Kansas dodges major punishment from NCAA following multi-year investigation

Kansas won't face a postseason ban

AUSTIN, TEXAS - MARCH 04: Head coach Bill Self of the Kansas Jayhawks stands on the court during the game with the Texas Longhorns at Moody Center on March 04, 2023 in Austin, Texas. (Photo by Chris Covatta/Getty Images)
Kansas and coach Bill Self have dodged major sanctions from the NCAA. (Photo by Chris Covatta/Getty Images)

Kansas men’s basketball escaped serious penalties from the NCAA from a multi-year investigation into the program’s involvement in the college basketball federal corruption scandal.

The NCAA’s Independent Accountability Review Process announced Wednesday that Kansas’ five Level I allegations had been downgraded to a Level II case and that the program had received a three-year probation through Oct. 10, 2026.

The decision comes after Kansas self-imposed penalties at the start of the 2022-23 season following its 2022 NCAA tournament win. Coach Bill Self and assistant coach Kurtis Townsend served a four-game suspension while the school also imposed recruiting limitations. The Level I charge against each coach is now a Level III.

The light punishment is a whimper of a conclusion to what had been a contentious back-and-forth between Kansas and the NCAA. After the school was implicated in the 2017 FBI investigation into the way payments were allegedly being made to players to attend certain schools, the NCAA sent a notice of allegations to Kansas in 2019 that alleged three Level I violations, a lack of institutional control charge and a head coach responsibility charge against Self.

The notice of allegations centered around the recruitments of Billy Preston and Silvio De Sousa. According to testimony from the corruption trial, an Adidas consultant directed nearly $100,000 to Preston’s mother while another payment was made to De Sousa’s guardian. Adidas is the apparel manufacturer for Kansas and text messages between Self and T.J. Gassnola, the Adidas consultant, showed the two discussed recruiting.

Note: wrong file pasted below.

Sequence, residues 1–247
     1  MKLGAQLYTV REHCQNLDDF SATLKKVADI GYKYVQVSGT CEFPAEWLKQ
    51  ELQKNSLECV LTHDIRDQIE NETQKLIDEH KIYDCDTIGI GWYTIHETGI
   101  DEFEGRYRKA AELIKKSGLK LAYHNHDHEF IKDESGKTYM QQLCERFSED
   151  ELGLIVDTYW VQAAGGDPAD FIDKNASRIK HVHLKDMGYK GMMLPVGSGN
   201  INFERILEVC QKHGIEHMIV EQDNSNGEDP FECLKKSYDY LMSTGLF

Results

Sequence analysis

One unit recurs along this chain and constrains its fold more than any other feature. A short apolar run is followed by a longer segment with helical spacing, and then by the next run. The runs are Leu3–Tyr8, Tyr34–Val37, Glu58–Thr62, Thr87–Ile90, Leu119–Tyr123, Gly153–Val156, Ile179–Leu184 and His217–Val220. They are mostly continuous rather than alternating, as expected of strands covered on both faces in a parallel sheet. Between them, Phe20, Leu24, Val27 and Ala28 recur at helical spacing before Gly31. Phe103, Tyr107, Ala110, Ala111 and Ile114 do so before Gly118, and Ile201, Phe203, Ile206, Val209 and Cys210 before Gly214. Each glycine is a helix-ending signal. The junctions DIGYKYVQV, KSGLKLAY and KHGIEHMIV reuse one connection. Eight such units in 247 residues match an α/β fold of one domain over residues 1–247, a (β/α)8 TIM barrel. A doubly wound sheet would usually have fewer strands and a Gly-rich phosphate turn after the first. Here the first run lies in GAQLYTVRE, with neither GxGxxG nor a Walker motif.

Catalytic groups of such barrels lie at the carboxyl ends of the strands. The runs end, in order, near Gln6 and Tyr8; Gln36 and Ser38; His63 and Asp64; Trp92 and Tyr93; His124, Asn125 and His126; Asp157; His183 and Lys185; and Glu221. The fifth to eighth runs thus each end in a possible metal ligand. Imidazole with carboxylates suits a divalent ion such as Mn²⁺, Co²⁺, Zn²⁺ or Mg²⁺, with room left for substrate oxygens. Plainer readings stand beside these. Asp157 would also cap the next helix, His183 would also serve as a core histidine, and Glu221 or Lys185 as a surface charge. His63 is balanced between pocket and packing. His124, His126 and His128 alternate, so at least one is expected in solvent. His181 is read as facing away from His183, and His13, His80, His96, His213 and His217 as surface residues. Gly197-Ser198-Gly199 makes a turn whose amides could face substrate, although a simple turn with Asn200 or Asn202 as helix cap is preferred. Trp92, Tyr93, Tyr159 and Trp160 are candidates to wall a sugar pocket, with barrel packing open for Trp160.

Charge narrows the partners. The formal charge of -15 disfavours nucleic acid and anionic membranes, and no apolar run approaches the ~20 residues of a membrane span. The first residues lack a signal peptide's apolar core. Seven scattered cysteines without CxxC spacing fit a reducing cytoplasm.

Kansas must vacate some wins in 2017-18

As part of Wednesday's punishment, Kansas is forced to vacate any wins it had while De Sousa played during the 2017-18 season, however. The Jayhawks went 31-8 that season and advanced to the Final Four before losing to eventual national champion Villanova.

De Sousa played in every NCAA tournament game and 20 games overall during the season. The Jayhawks were 15-5 in the games he played and can no longer officially list themselves as Final Four participants that season.

Since those games are officially being vacated, Self’s official NCAA career win total also must have those games vacated. Before Wednesday’s announcement, Self had a career record of 787-237 and was No. 15 on the career men’s basketball wins list.

The three Level I allegations initially leveled against the school signaled that the NCAA was looking to level significant penalties against the school. After the FBI investigation, Kansas had contended that it was simply a victim of the scandal and published a lengthy response to the NCAA in 2020 that disputed the governing body’s allegations.

The length of time it took for a resolution to the case ultimately worked in Kansas’ favor. The NCAA has trended toward smaller penalties against schools involved in the corruption scandal in recent years, especially as players are now allowed to make money off their own image rights.

Kansas counted on that trend continuing with its self-imposition of penalties a year ago and that bet paid off ahead of its IARP hearing in April.